Cheetahs are at risk of extinction because they have become a status symbol for the super-rich, an animal charity has warned
The Cheetah Conservation Fund (CCF) said that the increasing illegal trade in the big cats is pushing the animal to the edge of extinction in the wild.
The CCF calculates that there are less than 7,500 cheetahs remaining in the wild, while another 1,000 cheetahs are being held captive in private hands - mostly in the Gulf by wealthy owners in countries such as Saudi Arabia, the UAE and Qatar.
They say that, increasingly, young cheetahs are being trafficked out of Africa and then taken to private owners in the Gulf.
The trend is of "epidemic proportions," according to the CCF, an organisation devoted to saving cheetahs in the wild.
"If you do the math, the math kind of shows that it's only going to be a matter of a couple of years [before] we are not going to have any cheetahs," said Laurie Marker, an American conservation biologist biologist and founder of CCF.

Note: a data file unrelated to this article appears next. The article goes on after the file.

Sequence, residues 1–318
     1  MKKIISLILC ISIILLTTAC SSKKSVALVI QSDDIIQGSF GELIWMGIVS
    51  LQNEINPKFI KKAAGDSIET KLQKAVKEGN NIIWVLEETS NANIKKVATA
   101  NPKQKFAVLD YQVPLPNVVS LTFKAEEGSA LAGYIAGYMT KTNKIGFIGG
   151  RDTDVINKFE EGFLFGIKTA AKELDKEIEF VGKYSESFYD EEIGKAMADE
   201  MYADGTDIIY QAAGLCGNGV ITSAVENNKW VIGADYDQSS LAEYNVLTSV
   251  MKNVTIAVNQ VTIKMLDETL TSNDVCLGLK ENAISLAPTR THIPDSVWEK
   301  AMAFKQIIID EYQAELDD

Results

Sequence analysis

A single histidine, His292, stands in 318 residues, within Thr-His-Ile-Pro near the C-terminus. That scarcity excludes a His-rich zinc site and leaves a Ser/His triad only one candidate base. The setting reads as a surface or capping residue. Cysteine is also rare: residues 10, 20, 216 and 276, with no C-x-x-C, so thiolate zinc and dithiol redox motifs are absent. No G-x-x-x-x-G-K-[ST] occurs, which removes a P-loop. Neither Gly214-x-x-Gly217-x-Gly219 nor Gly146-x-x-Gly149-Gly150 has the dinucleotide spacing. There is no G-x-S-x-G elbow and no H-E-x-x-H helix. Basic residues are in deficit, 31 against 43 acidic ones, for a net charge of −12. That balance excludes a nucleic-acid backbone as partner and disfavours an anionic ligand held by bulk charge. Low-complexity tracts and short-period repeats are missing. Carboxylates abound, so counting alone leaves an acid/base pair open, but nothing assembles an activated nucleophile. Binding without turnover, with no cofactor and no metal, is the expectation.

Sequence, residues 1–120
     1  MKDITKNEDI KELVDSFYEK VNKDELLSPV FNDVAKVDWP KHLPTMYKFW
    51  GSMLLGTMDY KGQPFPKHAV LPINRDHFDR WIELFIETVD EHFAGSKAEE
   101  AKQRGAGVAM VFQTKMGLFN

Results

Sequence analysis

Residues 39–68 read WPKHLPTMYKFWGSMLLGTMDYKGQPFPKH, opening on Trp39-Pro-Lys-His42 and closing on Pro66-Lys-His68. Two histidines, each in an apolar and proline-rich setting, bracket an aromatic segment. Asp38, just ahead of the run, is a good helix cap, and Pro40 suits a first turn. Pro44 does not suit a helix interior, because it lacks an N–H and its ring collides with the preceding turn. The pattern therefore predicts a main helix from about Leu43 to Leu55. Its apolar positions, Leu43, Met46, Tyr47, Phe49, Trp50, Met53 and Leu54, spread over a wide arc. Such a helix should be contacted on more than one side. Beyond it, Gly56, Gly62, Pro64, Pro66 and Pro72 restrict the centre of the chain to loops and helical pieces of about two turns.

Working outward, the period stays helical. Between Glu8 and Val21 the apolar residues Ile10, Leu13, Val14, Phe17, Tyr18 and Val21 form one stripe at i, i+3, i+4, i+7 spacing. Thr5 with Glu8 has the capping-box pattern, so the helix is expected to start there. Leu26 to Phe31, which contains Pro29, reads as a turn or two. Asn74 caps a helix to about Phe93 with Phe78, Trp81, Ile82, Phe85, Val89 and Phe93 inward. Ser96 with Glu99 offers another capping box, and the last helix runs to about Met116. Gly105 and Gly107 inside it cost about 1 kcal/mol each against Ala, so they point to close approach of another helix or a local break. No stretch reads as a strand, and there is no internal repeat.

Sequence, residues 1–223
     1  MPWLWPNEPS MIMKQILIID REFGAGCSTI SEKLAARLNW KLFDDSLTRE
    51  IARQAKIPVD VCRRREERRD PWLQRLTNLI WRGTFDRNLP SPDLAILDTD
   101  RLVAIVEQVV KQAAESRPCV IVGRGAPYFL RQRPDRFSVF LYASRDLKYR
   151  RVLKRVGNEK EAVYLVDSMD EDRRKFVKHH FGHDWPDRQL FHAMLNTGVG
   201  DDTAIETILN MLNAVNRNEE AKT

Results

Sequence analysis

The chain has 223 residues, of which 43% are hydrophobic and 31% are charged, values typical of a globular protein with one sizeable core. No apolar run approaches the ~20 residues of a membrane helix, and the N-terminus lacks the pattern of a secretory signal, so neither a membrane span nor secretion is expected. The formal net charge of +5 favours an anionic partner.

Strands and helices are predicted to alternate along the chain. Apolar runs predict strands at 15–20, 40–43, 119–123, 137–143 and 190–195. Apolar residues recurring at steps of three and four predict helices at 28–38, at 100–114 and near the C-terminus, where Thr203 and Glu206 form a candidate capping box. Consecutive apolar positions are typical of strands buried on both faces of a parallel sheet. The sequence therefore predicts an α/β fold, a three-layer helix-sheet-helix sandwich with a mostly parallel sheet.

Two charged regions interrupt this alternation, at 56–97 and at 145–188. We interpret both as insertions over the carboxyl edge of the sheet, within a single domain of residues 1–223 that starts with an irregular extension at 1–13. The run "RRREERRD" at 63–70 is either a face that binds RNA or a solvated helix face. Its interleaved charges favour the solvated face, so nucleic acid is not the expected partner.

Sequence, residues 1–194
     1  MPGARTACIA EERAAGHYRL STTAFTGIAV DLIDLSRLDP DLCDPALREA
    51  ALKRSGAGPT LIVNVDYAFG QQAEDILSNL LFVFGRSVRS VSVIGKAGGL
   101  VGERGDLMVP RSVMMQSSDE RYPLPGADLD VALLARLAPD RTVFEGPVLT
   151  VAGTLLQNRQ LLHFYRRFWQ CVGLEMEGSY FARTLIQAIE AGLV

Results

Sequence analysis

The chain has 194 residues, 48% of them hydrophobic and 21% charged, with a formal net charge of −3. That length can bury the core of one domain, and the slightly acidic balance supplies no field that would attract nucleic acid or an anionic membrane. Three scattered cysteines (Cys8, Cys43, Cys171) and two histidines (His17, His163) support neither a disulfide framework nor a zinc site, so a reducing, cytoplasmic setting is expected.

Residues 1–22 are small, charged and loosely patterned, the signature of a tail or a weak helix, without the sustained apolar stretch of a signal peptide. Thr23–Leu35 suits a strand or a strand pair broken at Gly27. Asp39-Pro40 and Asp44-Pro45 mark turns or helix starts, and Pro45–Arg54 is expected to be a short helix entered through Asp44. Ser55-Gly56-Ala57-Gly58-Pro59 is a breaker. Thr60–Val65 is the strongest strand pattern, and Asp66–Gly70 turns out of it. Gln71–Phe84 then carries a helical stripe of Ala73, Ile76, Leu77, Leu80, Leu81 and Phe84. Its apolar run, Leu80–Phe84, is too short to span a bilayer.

The animals are mostly trafficked through Somaliland in the Horn of Africa.
The animals are stowed away in cramped crates or cardboard boxes on boats and sent across the Gulf of Aden towards their final destination: the Arabian Peninsula.
The CCF says that the overwhelming majority of these cheetahs end up in Gulf Arab mansions, where Africa's most endangered big cats are flaunted as status symbols of the ultra-rich and paraded around in social media posts.
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In one such post, a video shows a "pet" cheetah watching a National Geographic show and becoming visibly agitated when it sees one of its own on the screen.
"She's fixated on her family," reads the caption.
Other posts show cheetahs laying on luxury cars, getting force-fed ice cream and lollipops or even being declawed.
Experts say that confining the cheetahs, the world's fastest land mammal, is especially cruel as they need space to run and a special diet.
Captivity is "a dead-end for cheetahs," one expert said, according to a report on CNN.